The Portland Evening Telegram reported that Pohl and colleagues Grace Watt Ross and Elizabeth Eggert planned to go to Eugene as organizers:
|"Will Extend Help to Eugene Suffragists," Evening Telegram, March 27, 1912, 2.|
"It ought to be easy for me to speak on the subject of Equal Suffrage in the city of Eugene," she said, "for the strongest plea I ever heard for the enfranchisement of women was made by Dr. Anna Shaw, the president of the National Suffrage Association, before the State Medical Society of Oregon in the year 1906, and her theme was the political aspect of the Eugene epidemic of typhoid fever. The whole State had been exercised for months on account of the large number of cases at Eugene and every man or woman with a son or daughter at the state University had been anxious. The medical profession was aroused, several papers on the epidemic were read, and the Health officers attributed the trouble to an infected water supply--and the water supply of a city is, of course, one of its most important political responsibilities."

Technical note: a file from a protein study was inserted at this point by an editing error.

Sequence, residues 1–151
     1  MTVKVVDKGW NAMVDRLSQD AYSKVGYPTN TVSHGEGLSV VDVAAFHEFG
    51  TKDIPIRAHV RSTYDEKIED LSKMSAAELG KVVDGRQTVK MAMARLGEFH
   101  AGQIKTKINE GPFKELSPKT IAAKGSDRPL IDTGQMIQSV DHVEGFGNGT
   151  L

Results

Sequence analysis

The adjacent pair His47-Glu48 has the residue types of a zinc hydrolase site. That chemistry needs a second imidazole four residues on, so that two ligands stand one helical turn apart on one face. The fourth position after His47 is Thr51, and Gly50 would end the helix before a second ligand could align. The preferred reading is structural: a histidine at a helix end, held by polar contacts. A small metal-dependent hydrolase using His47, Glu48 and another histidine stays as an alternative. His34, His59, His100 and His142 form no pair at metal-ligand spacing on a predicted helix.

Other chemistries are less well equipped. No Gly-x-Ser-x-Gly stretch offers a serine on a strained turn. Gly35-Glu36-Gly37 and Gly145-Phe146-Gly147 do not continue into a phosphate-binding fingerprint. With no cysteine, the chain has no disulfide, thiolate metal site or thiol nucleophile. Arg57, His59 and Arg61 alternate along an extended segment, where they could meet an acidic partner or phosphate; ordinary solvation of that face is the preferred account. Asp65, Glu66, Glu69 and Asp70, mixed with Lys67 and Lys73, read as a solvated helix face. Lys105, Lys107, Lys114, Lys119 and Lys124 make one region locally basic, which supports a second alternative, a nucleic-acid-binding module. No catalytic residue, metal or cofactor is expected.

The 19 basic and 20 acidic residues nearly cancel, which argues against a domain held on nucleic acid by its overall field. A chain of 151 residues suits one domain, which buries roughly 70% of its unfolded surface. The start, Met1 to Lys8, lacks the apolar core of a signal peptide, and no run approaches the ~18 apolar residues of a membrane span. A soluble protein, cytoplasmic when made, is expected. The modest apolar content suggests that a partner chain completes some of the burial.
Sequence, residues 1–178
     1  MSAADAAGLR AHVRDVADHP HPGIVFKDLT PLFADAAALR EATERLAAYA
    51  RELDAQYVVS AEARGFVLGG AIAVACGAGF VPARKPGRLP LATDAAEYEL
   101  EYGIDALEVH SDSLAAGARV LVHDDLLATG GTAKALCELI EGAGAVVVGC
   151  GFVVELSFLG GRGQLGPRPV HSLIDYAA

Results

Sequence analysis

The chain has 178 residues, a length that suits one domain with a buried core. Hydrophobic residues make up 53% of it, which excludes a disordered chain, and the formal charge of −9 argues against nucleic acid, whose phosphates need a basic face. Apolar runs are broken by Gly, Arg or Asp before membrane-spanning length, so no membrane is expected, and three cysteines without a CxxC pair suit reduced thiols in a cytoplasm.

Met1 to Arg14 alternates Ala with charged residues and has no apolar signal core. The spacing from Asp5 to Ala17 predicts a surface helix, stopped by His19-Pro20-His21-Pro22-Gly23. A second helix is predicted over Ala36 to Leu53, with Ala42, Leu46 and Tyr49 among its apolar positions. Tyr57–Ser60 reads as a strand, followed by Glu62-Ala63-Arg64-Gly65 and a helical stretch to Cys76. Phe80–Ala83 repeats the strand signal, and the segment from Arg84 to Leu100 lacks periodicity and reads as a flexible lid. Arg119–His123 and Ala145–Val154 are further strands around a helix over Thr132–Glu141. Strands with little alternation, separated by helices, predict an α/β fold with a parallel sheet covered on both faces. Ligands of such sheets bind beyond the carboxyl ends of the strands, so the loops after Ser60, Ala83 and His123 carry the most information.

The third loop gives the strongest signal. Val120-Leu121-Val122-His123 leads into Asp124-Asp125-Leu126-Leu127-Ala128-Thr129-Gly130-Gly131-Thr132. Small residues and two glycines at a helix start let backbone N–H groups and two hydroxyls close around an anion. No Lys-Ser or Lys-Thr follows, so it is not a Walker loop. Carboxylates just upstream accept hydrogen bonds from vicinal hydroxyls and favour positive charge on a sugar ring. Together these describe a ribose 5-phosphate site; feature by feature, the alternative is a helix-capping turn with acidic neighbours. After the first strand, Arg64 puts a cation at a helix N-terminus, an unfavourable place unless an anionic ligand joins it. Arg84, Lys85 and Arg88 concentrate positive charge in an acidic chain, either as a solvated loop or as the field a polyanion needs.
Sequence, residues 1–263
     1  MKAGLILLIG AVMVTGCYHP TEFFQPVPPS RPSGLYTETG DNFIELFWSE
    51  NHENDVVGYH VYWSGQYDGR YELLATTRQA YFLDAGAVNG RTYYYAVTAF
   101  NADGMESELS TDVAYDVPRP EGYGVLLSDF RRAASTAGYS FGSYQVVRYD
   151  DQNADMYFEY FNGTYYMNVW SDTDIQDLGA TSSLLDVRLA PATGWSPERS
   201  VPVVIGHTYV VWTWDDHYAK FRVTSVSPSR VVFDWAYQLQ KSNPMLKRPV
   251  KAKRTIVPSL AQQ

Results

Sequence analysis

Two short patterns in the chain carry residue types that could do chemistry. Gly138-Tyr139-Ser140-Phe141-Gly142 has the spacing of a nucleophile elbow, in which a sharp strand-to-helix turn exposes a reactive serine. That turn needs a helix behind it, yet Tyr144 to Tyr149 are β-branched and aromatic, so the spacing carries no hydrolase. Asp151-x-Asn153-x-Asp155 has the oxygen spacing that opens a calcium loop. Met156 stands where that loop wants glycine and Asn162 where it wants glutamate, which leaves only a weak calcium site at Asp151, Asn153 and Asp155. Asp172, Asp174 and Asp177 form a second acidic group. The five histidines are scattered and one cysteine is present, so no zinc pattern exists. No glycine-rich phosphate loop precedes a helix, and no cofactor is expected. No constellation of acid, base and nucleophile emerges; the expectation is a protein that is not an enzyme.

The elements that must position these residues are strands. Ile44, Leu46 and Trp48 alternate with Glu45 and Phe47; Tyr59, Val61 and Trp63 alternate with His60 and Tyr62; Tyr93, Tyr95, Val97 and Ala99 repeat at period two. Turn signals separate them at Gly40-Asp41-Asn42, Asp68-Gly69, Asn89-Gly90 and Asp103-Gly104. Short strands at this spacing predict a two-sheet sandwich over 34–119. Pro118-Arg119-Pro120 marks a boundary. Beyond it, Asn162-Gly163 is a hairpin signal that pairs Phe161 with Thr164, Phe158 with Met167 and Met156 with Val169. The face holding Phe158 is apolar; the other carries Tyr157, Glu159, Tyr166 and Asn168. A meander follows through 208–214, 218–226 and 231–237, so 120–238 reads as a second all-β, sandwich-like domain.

Statistics of the epidemic, she noted, indicated that more women than men were afflicted; and women needed the political power of the vote to take part in their responsibility for a healthy community.